As they entered a weekend series in Cincinnati at 42-29 and in a tie for first place, the Cubs are feeling quite a bit more like 2016 than 2017.

The major reason? Energy, as Joe Maddon pointed out over the weekend.

That energy shows up most often on defense.

The 2016 Cubs put up maybe the best defensive season in baseball history while last year they truly looked hungover.

After a big of a slow start to 2018, the Cubs are feelin' more of that '16 swag.

If you watched either of the wins against the Los Angeles Dodgers this week at Wrigley Field, it's clear to see why: the defense.

"I like the defense," Maddon said of his team last week. "I'm into the defense. There's a tightness about the group. There's a closeness about the group. Not saying last year wasn't like that, but this group is definitely trending more in the '16 direction regarding interacting.

"If anything — and the one thing that makes me extremely pleased — would be the continuation of the defense. We've fed so much off our defense in '16. We've been doing that more recently again. We do so much good out there, then we come in and it gets kinda electric in the dugout. I'd like to see that trend continue on defense."

The Cubs scored only 2 runs in 10 innings in the second game against the Dodgers Tuesday night and managed just 4 runs in the finale Wednesday. Yet their gloves helped hold the Dodgers to only 1 run combined between the two games.

Wednesday's game was a defensive clinic, with Jason Heyward throwing out Chris Taylor at home plate with an incredible tag by Willson Contreras while Javy Baez, Albert Almora Jr., Kris Bryant and Kyle Schwarber all hit the ground to make sprawling/diving plays.

"[Almora] comes in and dives for one and I'm just like, 'OK, I'm done clapping for you guys,'" Jon Lester, Wednesday's winning pitcher, joked. "It's expected now that these guys make these plays. It's fun on our end. It's the, 'Here, hit it. Our guys are really good out there and they're gonna run it down.'"

The Heyward throw, in particular, jacked the team up. 

Maddon compared it to a grand slam with how much energy it provided the Cubs. Almora said he momentarily lost his voice because he was screaming so much at the play.

There was also Baez making plays in the hole at shortstop, then switching over to second base and turning a ridiculous unassisted double play on a liner in the 8th inning.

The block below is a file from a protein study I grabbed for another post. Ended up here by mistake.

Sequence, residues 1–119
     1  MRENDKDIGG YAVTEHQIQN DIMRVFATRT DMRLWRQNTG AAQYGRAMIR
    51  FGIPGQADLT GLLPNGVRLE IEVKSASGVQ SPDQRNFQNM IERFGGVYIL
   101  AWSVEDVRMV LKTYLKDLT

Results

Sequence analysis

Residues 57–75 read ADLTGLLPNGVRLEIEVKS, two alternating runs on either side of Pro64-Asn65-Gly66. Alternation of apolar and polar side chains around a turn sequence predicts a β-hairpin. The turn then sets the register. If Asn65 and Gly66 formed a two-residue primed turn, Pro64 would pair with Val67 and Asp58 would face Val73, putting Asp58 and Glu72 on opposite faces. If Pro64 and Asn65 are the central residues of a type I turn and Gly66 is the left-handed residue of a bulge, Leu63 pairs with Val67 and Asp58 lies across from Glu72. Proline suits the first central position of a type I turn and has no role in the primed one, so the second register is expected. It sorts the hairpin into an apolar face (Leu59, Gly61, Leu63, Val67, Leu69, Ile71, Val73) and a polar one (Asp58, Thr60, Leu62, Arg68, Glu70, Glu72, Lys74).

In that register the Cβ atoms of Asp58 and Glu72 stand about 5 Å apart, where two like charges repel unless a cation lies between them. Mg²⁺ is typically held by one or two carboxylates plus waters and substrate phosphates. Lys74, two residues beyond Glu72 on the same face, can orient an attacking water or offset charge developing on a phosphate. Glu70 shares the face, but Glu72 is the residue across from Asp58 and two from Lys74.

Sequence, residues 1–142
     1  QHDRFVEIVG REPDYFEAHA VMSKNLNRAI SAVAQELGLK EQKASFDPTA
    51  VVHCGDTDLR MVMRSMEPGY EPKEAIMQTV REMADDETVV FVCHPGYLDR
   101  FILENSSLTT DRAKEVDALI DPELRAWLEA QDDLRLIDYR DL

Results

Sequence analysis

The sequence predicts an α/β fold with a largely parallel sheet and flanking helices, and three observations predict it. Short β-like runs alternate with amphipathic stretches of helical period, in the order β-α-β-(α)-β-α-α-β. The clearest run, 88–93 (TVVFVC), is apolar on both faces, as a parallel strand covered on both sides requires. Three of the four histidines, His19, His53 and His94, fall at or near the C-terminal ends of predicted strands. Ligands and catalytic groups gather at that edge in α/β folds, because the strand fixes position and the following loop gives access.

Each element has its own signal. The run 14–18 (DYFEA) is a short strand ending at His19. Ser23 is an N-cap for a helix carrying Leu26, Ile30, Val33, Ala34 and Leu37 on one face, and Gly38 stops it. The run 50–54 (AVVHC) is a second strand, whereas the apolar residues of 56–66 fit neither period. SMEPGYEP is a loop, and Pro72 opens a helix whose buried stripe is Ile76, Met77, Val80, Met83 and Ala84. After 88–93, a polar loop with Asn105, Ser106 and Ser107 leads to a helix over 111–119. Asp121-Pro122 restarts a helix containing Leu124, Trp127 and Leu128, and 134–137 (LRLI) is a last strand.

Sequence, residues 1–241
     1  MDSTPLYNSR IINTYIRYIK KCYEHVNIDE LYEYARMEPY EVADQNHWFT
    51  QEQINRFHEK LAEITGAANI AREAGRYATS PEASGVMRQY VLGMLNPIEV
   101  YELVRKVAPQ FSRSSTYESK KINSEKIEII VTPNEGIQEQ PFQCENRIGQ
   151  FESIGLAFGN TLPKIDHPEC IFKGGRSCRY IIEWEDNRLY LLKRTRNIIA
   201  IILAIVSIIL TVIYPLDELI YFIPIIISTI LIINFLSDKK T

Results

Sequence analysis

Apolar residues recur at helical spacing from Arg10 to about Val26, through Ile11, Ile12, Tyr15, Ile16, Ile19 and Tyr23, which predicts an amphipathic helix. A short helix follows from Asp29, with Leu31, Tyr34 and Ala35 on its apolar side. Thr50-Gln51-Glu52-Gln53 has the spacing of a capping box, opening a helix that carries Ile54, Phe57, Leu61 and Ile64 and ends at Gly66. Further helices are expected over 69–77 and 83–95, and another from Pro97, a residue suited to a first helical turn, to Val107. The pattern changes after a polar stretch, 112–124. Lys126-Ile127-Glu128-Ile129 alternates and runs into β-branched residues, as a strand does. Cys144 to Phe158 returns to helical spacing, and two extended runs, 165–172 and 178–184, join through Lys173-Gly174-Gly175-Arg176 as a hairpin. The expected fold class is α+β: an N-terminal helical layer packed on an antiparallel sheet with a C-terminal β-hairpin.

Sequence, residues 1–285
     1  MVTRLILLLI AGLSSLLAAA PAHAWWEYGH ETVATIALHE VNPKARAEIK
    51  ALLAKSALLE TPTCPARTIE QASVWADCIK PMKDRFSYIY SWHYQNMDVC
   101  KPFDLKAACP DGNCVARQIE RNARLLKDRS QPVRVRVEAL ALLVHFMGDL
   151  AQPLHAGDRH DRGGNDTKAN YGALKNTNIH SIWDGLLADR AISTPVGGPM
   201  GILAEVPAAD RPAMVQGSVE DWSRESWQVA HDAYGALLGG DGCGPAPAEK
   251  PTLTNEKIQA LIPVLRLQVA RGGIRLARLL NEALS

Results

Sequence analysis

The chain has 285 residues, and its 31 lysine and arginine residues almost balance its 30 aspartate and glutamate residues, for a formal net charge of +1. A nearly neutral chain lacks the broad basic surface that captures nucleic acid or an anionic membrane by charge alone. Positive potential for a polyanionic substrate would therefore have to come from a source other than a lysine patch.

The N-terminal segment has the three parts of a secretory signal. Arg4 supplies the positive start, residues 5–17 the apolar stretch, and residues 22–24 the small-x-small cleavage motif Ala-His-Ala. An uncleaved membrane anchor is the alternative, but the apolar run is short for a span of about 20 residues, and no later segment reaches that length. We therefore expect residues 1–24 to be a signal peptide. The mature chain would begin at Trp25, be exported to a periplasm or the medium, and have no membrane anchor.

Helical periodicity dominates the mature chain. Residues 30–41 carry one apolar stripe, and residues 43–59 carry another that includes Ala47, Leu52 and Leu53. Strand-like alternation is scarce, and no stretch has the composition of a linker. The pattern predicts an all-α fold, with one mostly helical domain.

"That's what we're capable of doing," Maddon said. "In the past, when we've won on a high level, we've played outstanding defense. It never gets old to watch that kind of baseball."

The Cubs are back to forcing opposing hitters to jog off the field, shaking their head in frustration and disbelief.

"It could be so dispiriting to the other side when you make plays like that," Maddon said. "And also it's buoyant to your pitchers. So there's all kinds of good stuff goin' on there."

A lot of that is the play of the outfield, with Almora back to himself after a down 2017 season and Schwarber turning into a plus-rated defensive outfield.

After finishing 19th in baseball in outfield assists last season, the Cubs are currently tied for 6th with 14 outfield assists this year.

Schwarber has 7 alone, which is already as many as he tallied in the entire 2017 season.

"I feel like they'll learn quickly on Schwarber, if they haven't yet," Heyward said. "You gotta earn that respect. You gotta earn that sense of caution from the third base coach.

"But please keep running on me in those situations. I want it to happen."

Brandon Morrow has a healthy sense of humor about his pants-related injury

Brandon Morrow has a healthy sense of humor about his pants-related injury

Brandon Morrow's body may not be healthy, but his sense of humor sure isn't on the disabled list.

The Cubs closer had to go on the DL Wednesday after he injured his back changing out of his pants early Monday morning when the Cubs returned home to Chicago after a Sunday night game in St. Louis.

The story made national rounds, not only in the baseball world, but resonating with non-sports fans, as well. After all, it's not every day a guy who gets paid millions for his athletic endeavors injures himself on a mundane every day activity.

But it's all good, because even Morrow can find the humor in the situation, Tweeting this out Thursday afternoon:

Morrow's back tightened up on him and didn't loosen up enough the next two days, making him unavailable for the Cubs doubleheader Tuesday at Wrigley Field.

The team decided to put him on the shelf Wednesday morning so an already-gassed bullpen wouldn't have more pressure during this stretch of 14 games in 13 days.

The Cubs are in Cincinnati this weekend for a four-game series with the Reds. Morrow is eligible to return from the DL next Wednesday in Los Angeles as the Cubs once again take on the Dodgers — Morrow's old team.

The 33-year-old pitcher is 16-for-17 in save chances this year while posting a 1.59 ERA, 1.15 WHIP and 25 strikeouts in 22.2 innings. He's only given up a run in 2 of his 26 outings as a Cub.